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Interviews

Data protection in 2016

Mike Weston, pictured, CEO of data science consultancy Profusion, discusses what issues will affect data protection and security in 2016.

When we write the book on the history of data in the early 21st century, I have no doubt 2015 will have a weighty chapter all to itself. The book itself may be fairly dull, but such is the case in life that ostensibly boring and technical things tend to have far reaching consequences for us all. This year, buried behind unwieldy titles of legislative initiatives and decisions by far-removed judicial bodies, were a series of profound changes to data protection and security. These initiatives have brought us to a crossroads: one path leads to a fragmented environment where businesses find it expensive and difficult to protect and manage data. The other way brings us to a more united data economy, where businesses and countries cooperate on data protection and security standards. My gut feeling is that by December 2016 we should know what road we have taken. Unfortunately, little of what happened in data protection in 2015 was good for consumers or businesses. Amid the repeated hacking of big companies we had a series of major legislative and legal changes. The end to Safe Harbour was a landmark decision, it put into stark relief how US, UK and European institutions are diverging in relation to data protection standards. Safe Harbour was agreed at the start of the millennium and created a framework to allow the transfer of data out of the EU to the US. Part of the deal allowed the US manage data at lower standards than EU member states. Sadly, the Snowden affair revealed just how low these standards are. Consequently, the European Court of Justice struck down the agreement, giving the US and EU until January to agree a replacement.

A new Safe Harbour agreement seems a long way off. In October, the US Senate passed The Cybersecurity Information Sharing Act. The Act should make it easier for US companies to share data with American security agencies. Given that around seven different US security agencies employing thousands of people could access and share this information, the result is to significantly erode online privacy standards in American.
These decisions taken together, along with the pending Microsoft judgement (more on that later), have created a situation where the US and EU are going in completely different directions on data protection and, by extension, data security standards. This fragmentation is more than just a chin-scratching, academic exercise. The consequence is likely to be serious disruption in the free movement of data across the world. For businesses, this means increased restrictions on how they manage and use data, resulting in higher costs both in relation to infrastructure and compliance.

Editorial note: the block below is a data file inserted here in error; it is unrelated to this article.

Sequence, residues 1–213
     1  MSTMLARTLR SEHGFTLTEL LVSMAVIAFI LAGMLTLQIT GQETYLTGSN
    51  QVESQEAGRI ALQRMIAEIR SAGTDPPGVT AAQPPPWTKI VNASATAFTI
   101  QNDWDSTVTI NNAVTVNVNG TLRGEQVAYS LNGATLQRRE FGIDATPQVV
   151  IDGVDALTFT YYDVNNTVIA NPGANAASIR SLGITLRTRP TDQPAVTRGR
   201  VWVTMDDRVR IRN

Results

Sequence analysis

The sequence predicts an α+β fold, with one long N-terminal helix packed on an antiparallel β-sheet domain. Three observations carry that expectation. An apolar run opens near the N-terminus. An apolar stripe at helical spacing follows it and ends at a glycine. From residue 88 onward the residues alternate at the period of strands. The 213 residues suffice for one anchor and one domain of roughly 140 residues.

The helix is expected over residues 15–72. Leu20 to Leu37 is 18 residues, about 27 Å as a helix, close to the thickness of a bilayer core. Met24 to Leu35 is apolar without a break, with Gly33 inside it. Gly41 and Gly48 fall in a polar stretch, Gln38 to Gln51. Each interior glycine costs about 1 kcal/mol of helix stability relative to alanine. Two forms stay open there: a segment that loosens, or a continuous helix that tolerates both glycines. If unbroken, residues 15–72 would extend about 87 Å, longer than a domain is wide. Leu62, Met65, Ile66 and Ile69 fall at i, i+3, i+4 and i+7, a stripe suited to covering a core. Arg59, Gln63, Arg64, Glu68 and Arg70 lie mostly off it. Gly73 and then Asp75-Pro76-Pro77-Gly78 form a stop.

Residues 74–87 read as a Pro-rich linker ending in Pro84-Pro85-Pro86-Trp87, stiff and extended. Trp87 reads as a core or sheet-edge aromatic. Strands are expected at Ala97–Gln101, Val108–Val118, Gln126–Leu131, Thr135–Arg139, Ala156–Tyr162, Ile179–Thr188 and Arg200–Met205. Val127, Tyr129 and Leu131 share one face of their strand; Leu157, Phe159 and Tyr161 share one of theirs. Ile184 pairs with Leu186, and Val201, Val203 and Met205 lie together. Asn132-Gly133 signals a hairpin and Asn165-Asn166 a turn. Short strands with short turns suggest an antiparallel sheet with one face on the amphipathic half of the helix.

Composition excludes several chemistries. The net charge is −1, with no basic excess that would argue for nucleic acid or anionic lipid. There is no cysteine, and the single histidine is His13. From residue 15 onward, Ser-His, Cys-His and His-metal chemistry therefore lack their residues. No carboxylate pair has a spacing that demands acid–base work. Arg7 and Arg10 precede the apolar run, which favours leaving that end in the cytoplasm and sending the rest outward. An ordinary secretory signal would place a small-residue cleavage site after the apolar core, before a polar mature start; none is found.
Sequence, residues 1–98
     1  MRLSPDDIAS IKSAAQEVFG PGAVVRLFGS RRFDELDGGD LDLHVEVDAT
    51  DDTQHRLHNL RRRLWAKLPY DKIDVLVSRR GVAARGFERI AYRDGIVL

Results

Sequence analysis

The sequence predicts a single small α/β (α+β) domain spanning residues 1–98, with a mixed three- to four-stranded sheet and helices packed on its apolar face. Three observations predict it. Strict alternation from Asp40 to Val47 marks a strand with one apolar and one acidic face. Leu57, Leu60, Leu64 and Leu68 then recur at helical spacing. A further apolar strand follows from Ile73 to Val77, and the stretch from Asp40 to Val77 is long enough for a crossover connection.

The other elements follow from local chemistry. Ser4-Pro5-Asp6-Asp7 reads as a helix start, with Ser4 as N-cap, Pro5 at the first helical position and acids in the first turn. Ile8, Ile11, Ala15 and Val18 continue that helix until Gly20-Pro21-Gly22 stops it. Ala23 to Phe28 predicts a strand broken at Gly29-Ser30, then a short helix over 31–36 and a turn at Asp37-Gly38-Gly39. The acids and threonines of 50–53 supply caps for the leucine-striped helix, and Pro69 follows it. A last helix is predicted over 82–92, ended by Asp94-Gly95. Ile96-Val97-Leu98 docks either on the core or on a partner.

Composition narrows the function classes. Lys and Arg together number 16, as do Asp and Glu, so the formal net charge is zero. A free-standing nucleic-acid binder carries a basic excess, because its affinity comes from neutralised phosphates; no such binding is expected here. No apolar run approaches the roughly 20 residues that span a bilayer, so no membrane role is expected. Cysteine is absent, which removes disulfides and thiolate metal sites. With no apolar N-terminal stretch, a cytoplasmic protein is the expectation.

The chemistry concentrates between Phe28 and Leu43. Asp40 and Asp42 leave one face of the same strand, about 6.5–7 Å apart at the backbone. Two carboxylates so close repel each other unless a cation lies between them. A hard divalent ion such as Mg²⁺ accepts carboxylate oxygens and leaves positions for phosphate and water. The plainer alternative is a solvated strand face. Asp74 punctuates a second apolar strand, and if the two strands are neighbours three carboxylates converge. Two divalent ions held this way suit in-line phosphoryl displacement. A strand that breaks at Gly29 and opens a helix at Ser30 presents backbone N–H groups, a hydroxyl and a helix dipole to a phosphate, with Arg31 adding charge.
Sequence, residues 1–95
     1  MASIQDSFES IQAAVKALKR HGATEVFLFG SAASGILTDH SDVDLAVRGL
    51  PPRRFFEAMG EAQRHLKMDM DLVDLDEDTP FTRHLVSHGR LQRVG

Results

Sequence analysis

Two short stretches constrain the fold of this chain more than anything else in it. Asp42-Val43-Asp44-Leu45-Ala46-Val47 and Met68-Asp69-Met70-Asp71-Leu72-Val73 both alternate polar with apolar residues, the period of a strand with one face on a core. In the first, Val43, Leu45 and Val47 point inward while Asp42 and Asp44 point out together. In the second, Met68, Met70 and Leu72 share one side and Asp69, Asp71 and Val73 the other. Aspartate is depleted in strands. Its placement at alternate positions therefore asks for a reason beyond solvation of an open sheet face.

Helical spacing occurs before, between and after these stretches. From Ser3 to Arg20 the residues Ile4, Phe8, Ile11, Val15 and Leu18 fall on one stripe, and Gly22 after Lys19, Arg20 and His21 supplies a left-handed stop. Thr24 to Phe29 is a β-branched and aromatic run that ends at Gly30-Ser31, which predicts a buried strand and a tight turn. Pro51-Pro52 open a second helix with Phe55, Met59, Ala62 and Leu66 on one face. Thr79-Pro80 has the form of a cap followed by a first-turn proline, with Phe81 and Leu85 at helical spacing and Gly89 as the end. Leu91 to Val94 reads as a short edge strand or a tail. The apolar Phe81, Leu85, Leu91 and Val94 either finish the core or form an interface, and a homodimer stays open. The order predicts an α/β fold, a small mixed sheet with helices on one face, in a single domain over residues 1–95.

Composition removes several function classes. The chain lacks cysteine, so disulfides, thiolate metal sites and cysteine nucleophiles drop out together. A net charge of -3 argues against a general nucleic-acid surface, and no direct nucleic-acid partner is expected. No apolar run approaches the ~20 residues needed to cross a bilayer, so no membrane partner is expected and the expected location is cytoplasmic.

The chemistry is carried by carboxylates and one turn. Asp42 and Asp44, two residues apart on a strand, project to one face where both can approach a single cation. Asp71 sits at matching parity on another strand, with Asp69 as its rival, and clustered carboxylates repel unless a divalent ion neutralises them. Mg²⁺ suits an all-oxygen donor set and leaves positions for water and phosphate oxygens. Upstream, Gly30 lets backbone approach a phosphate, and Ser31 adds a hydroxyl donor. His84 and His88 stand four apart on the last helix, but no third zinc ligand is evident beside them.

A completely conceivable extension of this fragmentation is not just divergence in security standards, but even the idea of a truly ‘world-wide’ web itself. With the EU pushing for more oversight and a higher standard applied to privacy, along with its track record of prosecuting American companies, 2016 could mark when the EU holds businesses to a higher duty of care for protecting data. It is easy to envisage a scenario where another major hack results in the EU taking the businesses involved to task for failing to put adequate security standards in place. A similar state of affairs in the US is harder to picture with the Government and judiciary hell bent on eroding privacy protections. The net result will be US and European businesses playing by completely different data protection and security standards either side of the Atlantic. Taken to extreme that could lead to US businesses being unable to do business on this continent.

A perfect example of the attempted erosion of privacy in the US is the Microsoft case that should reach a conclusion in January. If the Federal Court in the US rules against Microsoft and allows the US Government to access data held in a data centre in the Republic of Ireland, we should expect serious repercussions. Cloud computing businesses will be the most severely affected and a dangerous precedent that other governments could follow could be set. Whatever happens the case will be appealed, therefore, expect this issue to rumble on for the rest of the year. 2016 is also likely to see the passage of the Investigatory Powers Bill in the UK. Like the Cybersecurity Act in the US, the Bill, in its current form, weakens data protection and individual privacy in favour of national security. Add to this, the likely agreement of new EU data protection legislation and the legal and compliance departments of data-heavy businesses (i.e. most companies) are going to have a hectic 2016.

Another factor to consider in 2016 is the continued growth of wearables and the Internet of Things. With more connected devices being bought the data security underpinning the ‘Internet of Things’ will become a big issue. There’s a great opportunity for businesses to come together and create rigorous data security and privacy standards. Thankfully, there does seem to be some appetite for cooperation. 2016 is going to be another banner year for data protection and security. We will undoubtedly see more serious data breaches. Data security professionals will continue their arms race with hackers and companies will continue to pour money in security. The X factor is the relationship between European and US authorities and whether the free flow of data can continue. Regrettably, the signs don’t look promising.


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